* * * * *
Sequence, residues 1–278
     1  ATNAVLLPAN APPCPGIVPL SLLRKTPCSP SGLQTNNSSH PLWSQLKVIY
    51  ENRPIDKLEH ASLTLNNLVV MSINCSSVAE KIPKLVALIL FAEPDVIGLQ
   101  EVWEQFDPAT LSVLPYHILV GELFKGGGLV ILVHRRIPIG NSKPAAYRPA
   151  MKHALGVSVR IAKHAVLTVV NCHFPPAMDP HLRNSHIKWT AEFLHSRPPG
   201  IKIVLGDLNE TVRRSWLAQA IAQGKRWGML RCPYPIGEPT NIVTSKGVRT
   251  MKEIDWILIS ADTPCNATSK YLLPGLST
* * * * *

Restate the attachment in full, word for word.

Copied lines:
Sequence, residues 1–278
     1  ATNAVLLPAN APPCPGIVPL SLLRKTPCSP SGLQTNNSSH PLWSQLKVIY
    51  ENRPIDKLEH ASLTLNNLVV MSINCSSVAE KIPKLVALIL FAEPDVIGLQ
   101  EVWEQFDPAT LSVLPYHILV GELFKGGGLV ILVHRRIPIG NSKPAAYRPA
   151  MKHALGVSVR IAKHAVLTVV NCHFPPAMDP HLRNSHIKWT AEFLHSRPPG
   201  IKIVLGDLNE TVRRSWLAQA IAQGKRWGML RCPYPIGEPT NIVTSKGVRT
   251  MKEIDWILIS ADTPCNATSK YLLPGLST